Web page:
Howlin' Wolf

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Howlin' Wolf

Howlin' Wolf, 1910–76, African-American blues singer and composer, b. White Station, Miss., as Chester Arthur Burnett. Exposed to blues performers from childhood, he sang locally and organized his first band in West Memphis, Tenn., in 1948. Darkly expressive, his growling, raspy voice, accompanied by his slide guitar and harmonica, came to wider public attention with his first hit, “Moanin' at Midnight,” in 1951. Moving to Chicago, he and his friend and rival Muddy Waters became major figures in the transformation of the traditional acoustic Delta blues into the amplified, contemporary, and urban electric blues. For two decades (1955–75) he made concert tours across the United States. Like Waters, he was an important influence on the Rolling Stones, with whom he performed in the mid-1960s, and other British rockers.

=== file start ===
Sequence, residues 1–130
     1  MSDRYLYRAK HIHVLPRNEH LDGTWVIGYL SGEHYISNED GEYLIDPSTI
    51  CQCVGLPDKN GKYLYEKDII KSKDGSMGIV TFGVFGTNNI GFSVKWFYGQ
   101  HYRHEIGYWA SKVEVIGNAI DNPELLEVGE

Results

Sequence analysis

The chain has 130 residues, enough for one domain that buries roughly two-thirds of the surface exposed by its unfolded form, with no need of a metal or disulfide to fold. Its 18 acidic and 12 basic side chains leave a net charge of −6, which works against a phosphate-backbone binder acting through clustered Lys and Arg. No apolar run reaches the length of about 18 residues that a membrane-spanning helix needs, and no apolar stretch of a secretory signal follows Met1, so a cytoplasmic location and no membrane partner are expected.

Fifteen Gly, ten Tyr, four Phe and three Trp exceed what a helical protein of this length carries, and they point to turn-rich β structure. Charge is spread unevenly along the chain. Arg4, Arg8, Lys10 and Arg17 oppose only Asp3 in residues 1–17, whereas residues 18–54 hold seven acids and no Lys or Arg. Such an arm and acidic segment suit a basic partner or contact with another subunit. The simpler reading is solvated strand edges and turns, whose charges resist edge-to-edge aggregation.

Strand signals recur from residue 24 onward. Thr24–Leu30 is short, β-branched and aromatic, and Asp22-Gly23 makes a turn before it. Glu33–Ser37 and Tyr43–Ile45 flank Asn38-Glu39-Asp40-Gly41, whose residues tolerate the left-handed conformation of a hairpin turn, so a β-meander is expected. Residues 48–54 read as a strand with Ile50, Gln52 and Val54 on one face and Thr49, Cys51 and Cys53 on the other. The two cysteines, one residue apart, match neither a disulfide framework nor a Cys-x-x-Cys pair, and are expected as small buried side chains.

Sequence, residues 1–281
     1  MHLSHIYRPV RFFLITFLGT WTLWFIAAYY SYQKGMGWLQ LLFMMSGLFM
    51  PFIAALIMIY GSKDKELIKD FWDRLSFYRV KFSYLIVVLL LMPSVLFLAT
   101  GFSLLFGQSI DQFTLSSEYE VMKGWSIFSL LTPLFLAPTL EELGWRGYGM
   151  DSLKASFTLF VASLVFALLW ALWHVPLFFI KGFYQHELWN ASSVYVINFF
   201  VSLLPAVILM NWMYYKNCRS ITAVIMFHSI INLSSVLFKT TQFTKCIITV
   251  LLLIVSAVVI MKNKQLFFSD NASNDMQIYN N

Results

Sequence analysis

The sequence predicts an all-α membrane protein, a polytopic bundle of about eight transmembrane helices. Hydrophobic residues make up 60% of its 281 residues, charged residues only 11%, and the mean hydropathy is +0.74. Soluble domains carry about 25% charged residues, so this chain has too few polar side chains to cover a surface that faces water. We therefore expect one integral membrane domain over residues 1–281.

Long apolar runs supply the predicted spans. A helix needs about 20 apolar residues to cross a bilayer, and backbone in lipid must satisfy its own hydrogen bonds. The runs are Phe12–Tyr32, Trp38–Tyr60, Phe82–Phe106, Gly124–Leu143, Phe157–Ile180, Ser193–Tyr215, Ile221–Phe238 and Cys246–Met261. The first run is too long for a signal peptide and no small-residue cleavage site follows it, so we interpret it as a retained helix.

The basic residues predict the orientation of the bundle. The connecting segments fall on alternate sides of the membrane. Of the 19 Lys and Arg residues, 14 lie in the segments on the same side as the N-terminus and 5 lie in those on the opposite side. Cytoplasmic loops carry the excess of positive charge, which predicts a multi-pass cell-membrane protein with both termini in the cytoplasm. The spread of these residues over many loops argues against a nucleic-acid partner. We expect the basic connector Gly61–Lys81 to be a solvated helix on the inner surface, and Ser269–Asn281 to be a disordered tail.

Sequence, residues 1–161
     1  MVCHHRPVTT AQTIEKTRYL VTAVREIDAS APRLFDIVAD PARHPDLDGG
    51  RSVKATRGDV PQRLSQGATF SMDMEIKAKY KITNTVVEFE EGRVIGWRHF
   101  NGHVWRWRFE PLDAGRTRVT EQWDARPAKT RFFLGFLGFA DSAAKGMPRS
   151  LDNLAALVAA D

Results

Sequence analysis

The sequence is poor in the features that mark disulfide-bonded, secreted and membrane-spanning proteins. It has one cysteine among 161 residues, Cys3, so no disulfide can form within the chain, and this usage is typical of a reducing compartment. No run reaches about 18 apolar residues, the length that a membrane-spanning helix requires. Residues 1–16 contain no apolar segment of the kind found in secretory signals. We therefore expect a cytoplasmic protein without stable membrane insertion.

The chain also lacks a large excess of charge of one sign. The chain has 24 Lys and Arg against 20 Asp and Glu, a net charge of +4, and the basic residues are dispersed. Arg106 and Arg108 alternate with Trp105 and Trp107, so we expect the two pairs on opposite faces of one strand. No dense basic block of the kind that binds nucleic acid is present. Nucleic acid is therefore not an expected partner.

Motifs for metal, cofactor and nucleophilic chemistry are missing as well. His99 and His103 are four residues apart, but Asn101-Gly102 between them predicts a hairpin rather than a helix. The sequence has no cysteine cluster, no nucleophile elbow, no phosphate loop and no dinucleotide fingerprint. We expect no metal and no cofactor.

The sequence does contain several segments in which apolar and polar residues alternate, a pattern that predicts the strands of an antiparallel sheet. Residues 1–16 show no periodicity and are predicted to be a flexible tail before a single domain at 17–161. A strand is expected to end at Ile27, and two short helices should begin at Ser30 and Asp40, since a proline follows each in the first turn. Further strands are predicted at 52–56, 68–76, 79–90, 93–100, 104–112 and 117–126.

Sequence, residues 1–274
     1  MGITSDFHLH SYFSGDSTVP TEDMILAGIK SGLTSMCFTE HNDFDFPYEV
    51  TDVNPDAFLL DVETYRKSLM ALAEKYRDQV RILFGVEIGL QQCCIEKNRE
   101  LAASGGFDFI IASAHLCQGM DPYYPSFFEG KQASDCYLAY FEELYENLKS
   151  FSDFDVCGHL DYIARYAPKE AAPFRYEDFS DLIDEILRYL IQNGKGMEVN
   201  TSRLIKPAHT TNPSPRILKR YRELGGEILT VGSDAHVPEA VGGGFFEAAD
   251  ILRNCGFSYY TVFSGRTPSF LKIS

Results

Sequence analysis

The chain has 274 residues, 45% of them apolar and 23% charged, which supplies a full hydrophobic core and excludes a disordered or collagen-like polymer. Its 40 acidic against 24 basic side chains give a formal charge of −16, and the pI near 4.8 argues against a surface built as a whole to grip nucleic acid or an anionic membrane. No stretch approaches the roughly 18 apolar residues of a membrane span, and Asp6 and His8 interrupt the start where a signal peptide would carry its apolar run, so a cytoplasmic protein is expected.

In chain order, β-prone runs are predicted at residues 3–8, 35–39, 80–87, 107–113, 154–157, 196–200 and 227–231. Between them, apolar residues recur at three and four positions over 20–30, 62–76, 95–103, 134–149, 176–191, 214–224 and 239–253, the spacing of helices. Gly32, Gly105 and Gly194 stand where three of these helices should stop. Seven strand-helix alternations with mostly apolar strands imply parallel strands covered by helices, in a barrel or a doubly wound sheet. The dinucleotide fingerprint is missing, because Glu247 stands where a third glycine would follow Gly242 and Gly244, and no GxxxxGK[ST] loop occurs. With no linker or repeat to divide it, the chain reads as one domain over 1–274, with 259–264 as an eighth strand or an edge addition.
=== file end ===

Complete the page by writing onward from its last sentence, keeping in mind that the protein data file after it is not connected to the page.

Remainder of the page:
Bibliography

See biography by J. Segrest and M. Hoffman (2004).

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Howlin’ Wolf (nickname of Chester Arthur Burnett)

(1910–76) musician; born in West Point, Miss. A blues singer, bandleader, and larger-than-life personality, he was one of the giants of post-World War II electric blues whose songs were a staple of rock's early repertoire. He toured extensively between 1955–75, including concert and television appearances with the Rolling Stones in 1965, the year after the release of his only pop hit, "Smokestack Lightning." He was inducted into the Rock 'n' Roll Hall of Fame in 1991.
The Cambridge Dictionary of American Biography, by John S. Bowman. Copyright © Cambridge University Press 1995. Reproduced with permission.